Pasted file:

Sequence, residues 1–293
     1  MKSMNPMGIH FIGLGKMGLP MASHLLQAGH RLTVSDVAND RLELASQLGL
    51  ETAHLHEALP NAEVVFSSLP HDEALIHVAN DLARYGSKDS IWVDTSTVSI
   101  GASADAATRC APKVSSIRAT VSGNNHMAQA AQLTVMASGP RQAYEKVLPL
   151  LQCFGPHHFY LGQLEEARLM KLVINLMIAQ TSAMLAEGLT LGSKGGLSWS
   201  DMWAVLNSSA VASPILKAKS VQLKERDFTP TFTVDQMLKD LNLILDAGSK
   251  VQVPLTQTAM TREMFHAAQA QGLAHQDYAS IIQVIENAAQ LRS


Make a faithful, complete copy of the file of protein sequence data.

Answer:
Sequence, residues 1–293
     1  MKSMNPMGIH FIGLGKMGLP MASHLLQAGH RLTVSDVAND RLELASQLGL
    51  ETAHLHEALP NAEVVFSSLP HDEALIHVAN DLARYGSKDS IWVDTSTVSI
   101  GASADAATRC APKVSSIRAT VSGNNHMAQA AQLTVMASGP RQAYEKVLPL
   151  LQCFGPHHFY LGQLEEARLM KLVINLMIAQ TSAMLAEGLT LGSKGGLSWS
   201  DMWAVLNSSA VASPILKAKS VQLKERDFTP TFTVDQMLKD LNLILDAGSK
   251  VQVPLTQTAM TREMFHAAQA QGLAHQDYAS IIQVIENAAQ LRS